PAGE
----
Last week, after House Republicans announced an upcoming vote on undermining the Affordable Care Act, President Obama took some time to mock GOP lawmakers for their pointless hobby. “You know what they say: 50th time is the charm,” he joked at a DNC event. “Maybe when you hit your 50th repeal vote, you will win a prize. Maybe if you buy 50 repeal votes, you get one free. We get it. We understand. We get you don’t like it. I got it.”
But by all appearances, Republicans aren’t concerned about mockery. They’re proceeding today with their plan to go after the ACA’s individual mandate – again. By most counts, it will be the 50th time House Republicans have voted to gut some or all of the health care law since 2011, even though they fully realize their bill has no chance of being signed into law.
The House is set to vote Wednesday on a bill by Rep. Lynn Jenkins (R-KS) to effectively delay the individual mandate for one year by reducing the penalty in 2014 for not buying insurance from $95 to $0.The Republican-led chamber passed a similar bill last July, capturing 22 Democratic votes. Now that it’s an election year, it’s plausible that a significant number of Democrats will defect, given the unpopularity of the individual mandate and the likelihood that Senate Democrats will throw the bill in the garbage once it arrives.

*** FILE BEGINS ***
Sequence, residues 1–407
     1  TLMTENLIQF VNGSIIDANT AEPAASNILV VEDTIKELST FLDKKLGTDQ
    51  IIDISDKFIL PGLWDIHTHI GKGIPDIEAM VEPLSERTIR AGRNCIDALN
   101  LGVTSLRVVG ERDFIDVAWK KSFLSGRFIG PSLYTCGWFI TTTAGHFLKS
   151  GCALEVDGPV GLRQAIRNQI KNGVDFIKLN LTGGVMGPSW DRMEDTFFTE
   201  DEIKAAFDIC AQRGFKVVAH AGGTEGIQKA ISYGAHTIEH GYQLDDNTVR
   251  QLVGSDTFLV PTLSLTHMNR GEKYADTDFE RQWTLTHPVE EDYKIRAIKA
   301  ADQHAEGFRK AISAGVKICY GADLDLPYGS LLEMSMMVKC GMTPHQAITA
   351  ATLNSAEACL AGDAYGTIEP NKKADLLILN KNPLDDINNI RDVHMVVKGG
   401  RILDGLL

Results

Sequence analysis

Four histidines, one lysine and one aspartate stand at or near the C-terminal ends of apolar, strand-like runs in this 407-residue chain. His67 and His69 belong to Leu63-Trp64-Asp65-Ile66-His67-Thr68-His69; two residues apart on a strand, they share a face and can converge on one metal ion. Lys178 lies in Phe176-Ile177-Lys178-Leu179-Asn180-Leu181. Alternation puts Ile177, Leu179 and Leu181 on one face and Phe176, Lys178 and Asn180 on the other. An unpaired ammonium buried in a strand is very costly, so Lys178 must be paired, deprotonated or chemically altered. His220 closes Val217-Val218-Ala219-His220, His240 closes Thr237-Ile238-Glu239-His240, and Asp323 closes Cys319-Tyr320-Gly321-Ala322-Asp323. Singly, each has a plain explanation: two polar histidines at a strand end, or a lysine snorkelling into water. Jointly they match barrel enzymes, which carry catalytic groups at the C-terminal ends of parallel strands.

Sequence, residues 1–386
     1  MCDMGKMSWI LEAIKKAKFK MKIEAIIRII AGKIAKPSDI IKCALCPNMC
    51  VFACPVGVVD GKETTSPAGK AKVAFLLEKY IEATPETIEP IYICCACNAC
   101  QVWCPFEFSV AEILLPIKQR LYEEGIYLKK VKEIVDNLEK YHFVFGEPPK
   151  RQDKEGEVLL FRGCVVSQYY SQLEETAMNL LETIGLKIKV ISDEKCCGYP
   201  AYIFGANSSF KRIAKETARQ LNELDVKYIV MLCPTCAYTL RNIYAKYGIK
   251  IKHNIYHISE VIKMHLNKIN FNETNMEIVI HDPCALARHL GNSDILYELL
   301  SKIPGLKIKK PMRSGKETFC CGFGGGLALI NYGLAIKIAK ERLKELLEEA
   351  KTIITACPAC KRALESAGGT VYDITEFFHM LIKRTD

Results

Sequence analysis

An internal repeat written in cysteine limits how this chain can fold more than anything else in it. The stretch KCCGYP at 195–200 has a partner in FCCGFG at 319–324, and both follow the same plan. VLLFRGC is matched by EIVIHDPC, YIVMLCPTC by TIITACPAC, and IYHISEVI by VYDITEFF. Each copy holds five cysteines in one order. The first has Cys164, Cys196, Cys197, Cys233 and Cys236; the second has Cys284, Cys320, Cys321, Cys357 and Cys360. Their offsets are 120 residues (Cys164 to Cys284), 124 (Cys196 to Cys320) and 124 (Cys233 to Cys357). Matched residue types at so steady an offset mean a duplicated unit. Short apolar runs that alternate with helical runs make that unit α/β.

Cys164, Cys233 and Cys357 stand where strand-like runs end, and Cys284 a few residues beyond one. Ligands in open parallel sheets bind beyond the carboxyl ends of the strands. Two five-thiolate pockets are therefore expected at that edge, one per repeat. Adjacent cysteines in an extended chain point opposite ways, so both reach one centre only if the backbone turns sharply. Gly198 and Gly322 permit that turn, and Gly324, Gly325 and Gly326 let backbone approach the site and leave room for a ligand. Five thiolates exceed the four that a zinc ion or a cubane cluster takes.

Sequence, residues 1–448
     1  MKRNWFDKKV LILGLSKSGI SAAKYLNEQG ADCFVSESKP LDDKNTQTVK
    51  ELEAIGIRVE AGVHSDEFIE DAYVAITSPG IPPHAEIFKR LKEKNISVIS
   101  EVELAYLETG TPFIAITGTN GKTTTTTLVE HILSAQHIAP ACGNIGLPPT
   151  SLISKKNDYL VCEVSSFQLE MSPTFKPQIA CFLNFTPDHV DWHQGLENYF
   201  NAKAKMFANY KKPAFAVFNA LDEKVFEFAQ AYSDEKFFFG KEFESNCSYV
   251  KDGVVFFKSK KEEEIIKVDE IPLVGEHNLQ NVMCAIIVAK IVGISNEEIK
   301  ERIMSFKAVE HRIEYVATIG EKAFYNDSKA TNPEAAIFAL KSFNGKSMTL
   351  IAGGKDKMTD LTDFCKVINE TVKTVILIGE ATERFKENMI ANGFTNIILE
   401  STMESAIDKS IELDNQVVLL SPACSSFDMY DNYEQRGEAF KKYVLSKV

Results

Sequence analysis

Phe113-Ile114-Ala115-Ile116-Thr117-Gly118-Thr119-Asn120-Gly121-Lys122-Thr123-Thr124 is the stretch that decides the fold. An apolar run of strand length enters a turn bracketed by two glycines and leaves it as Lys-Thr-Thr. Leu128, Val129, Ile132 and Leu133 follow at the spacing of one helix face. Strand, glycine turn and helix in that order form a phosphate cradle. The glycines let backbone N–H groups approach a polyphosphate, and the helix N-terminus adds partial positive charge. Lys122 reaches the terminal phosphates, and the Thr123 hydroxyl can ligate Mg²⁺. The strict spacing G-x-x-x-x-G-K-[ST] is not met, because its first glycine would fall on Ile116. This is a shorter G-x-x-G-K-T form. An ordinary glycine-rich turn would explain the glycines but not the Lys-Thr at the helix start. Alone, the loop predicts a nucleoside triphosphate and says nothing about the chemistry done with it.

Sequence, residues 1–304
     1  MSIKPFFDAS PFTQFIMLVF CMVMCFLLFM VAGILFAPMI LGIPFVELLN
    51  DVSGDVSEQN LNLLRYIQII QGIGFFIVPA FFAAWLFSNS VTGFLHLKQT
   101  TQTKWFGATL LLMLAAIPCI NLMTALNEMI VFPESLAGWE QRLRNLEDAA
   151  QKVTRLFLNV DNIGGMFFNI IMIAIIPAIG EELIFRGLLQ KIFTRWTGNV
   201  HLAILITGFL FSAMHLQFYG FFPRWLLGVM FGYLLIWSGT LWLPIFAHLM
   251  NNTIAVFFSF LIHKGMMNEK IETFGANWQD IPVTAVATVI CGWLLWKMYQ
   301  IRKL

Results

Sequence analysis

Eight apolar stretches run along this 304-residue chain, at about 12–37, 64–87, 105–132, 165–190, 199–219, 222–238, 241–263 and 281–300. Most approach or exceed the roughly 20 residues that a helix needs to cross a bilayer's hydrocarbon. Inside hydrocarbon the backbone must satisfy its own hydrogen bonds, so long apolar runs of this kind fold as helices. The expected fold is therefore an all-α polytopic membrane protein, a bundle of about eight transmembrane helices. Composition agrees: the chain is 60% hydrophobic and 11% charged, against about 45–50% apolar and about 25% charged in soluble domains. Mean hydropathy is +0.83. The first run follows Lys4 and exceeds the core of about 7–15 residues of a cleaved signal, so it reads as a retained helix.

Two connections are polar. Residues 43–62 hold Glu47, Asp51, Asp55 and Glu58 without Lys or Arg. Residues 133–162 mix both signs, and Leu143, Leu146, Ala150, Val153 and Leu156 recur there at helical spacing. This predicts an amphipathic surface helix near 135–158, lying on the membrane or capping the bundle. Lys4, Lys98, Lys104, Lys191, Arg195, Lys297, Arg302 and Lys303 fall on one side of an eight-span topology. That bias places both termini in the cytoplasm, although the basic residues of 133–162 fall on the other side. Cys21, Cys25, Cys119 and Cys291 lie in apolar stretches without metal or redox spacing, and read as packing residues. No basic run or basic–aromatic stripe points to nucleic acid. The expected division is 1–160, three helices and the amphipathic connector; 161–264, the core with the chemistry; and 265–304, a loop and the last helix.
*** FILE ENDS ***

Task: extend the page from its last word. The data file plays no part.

House Republicans are under no illusions about the legislation’s prospects, but governing isn’t the goal. This is about an election-year stunt intended to help GOP lawmakers feel better, maybe motivate the base a bit, and create the basis for some new attack ads against Democrats.
Whether or not one approves of this waste of time, it remains a ridiculous display.
For one thing, the effort itself would be a substantive disaster if the bill actually became law. Clearly the GOP is in its post-policy phase, so real-world implications are no longer considered before bills receive votes, but the Center on Budget and Policy Priorities published an analysis yesterday and found that the House’s proposal would increase the number of Americans without insurance and lead to higher health care premiums in the individual market. How do Republican leaders respond to revelations like these? They don’t – this isn’t about policy, so the implications are deemed irrelevant.
For another, this is quite a bit of effort over a policy Republicans supported up until a few years ago – the mandate used to be a key feature of GOP health care plans.
House Republicans could be using their time wisely right now. Maybe they could work on real legislation; maybe they could present their “Obamacare” alternative they’ve been promising for years.
But that just doesn’t seem to interest them. Americans are instead stuck watching their House of Representatives spin its wheels, picking up self-satisfying “message” bills.